Global terrorism, war in two countries, budget deficits as far as the eye can see, an emerging national battle on gay marriage, the most bitter partisan political divisions in a generation, but you already know all that. Here is what's really important: the most disturbing, yet underreported news of the year.
Transsexual Eye for the Straight Guy
Among the fashions introduced at the seasonal shows in Milan, Italy, was British designer Vivienne Westwood's "Man" collection, featuring for-men items with frilly cuffs and bonnetlike scarves, along with tight, knit sweater sets and jumpers worn over male models' fake breasts. Westwood (a pioneer of punk clothing in the 1970s) said she was motivated by "how men are so attached to the breast of their mother, a symbol of eternal warmth."
A Kansas City, Kan., judge granted Wesley Fitzpatrick a temporary restraining order against a female who he said was stalking him (making him "scared, depressed and in fear for my freedom"). The order was rescinded when the judge found out that the "stalker" was actually Fitzpatrick's parole officer (who said Fitzpatrick had been missing meetings).
-- Boston City Councilman Felix Arroyo announced in January that he was going on a hunger strike to protest U.S. war threats toward Iraq. At first, he said he would consume only liquids, but then limited the strike to daylight hours, and, later still, restricted his hardship regimen to only the second and fourth Fridays of each month.
-- North Korea's official news agency accused Japan of breaking a promise to return five people to North Korea. The five are Japanese citizens who were kidnapped by North Korea in 1978 but released to see their families in October 2002. North Korea's position is that they were sent home only temporarily and must be returned.
The Lawrence, Mass., superintendent of schools, Wilfredo T. Laboy, failed for the third time the basic English proficiency test required of all teachers in the state (a test which, after one of the failures, he had called "stupid"). He passed on the fourth try.
Longmeadow, Mass., School Committee Chair Mary Ryan-Kusiak abruptly adjourned the Aug. 25 meeting because committee member Laura J. Bertelli refused to sit in her assigned seat, and Ryan-Kusiak said she'd cancel the next meeting, too, if Bertelli didn't sit where she was told.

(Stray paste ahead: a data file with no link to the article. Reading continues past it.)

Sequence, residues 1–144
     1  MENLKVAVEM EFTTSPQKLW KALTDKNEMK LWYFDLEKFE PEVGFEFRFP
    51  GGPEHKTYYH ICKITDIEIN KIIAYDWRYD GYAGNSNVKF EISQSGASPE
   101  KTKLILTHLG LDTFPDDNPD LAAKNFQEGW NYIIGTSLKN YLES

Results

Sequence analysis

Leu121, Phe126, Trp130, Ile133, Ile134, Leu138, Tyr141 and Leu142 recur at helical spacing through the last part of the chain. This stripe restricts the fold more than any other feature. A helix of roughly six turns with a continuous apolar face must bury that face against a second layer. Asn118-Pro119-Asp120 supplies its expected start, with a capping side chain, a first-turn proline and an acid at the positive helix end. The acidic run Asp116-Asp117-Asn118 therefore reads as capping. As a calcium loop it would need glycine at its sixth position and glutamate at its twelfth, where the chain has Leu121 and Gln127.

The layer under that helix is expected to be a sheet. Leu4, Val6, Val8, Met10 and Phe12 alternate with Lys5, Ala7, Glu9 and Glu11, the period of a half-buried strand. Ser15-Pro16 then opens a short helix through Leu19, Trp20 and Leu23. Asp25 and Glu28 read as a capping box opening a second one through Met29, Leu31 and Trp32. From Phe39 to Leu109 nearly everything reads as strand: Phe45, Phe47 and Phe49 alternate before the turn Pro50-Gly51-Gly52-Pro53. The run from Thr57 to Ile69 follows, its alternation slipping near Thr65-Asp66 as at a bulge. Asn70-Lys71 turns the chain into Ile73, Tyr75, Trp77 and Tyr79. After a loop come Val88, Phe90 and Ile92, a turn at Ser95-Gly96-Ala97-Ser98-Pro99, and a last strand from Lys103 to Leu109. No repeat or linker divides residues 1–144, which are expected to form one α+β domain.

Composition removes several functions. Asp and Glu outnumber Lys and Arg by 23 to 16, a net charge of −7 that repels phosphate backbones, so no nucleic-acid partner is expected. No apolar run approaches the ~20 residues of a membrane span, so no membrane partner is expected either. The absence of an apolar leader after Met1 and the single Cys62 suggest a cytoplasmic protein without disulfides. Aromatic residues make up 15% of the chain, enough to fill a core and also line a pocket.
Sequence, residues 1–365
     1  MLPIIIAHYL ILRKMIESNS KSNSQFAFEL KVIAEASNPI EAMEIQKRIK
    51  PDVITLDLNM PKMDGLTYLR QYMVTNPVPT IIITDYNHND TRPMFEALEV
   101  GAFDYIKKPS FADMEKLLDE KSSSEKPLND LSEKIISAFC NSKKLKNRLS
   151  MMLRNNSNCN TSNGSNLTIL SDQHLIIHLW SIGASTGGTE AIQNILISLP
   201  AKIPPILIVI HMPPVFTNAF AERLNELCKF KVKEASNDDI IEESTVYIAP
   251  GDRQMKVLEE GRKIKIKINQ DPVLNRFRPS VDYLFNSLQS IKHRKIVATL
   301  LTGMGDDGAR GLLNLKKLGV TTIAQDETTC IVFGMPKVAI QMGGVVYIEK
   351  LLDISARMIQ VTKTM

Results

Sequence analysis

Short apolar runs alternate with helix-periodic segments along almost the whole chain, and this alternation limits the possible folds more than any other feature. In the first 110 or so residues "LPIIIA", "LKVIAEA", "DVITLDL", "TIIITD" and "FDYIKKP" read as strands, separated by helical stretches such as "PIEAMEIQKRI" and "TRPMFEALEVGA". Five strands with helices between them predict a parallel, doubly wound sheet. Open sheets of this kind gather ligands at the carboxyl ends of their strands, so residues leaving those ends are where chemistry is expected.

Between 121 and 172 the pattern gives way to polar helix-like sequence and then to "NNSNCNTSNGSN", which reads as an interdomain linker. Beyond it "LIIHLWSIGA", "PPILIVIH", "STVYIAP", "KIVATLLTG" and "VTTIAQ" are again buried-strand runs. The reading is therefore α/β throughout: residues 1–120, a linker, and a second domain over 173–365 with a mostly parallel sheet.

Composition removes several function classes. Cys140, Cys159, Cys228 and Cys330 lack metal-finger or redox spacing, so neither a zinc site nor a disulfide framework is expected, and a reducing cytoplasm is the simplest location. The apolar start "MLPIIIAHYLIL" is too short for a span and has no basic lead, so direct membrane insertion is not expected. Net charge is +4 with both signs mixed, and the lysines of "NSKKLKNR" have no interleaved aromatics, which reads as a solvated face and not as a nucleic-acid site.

-- Gary Lee Owens, 42, was arrested in Stilwell, Kan., even though police weren't even after him when they knocked on his door. They had a tip that two fugitives were hiding at that address, and since Owens knew nothing about that, he matter-of-factly gave them permission to search the house, but then added the restriction "everywhere but the garage." That was good enough for a judge to grant a search warrant, and in the garage, police found the remains of a suspected methamphetamine lab.
-- Zachary G. Holloway, 20, and a pal were arrested in Springfield, Ill., and charged with breaking into one car (and stealing a motorcycle helmet) and attempting to break into another. To get into the second, locked car, Holloway put on the helmet, stood back and charged into it, head-butting a window. Unsuccessfully. Twice.
"The Vagina Monologues" was performed at a hotel in Islamabad, Pakistan, by author Eve Ensler and a troupe of local actresses (bundled in their traditional clothing) to an audience of 150, who apparently loved it. "If (the play) can happen here, it can happen anywhere," said Ms. Hibaaq Osman, a Somali Muslim activist, who playfully renamed the capital city "Vaginabad." "Having these Pakistani women talking about vibrators (is) what it's all about."
-- In a settlement between Sears and customers with improperly done wheel balancing, lawyers got $2.45 million, and customers got $2.50 a tire.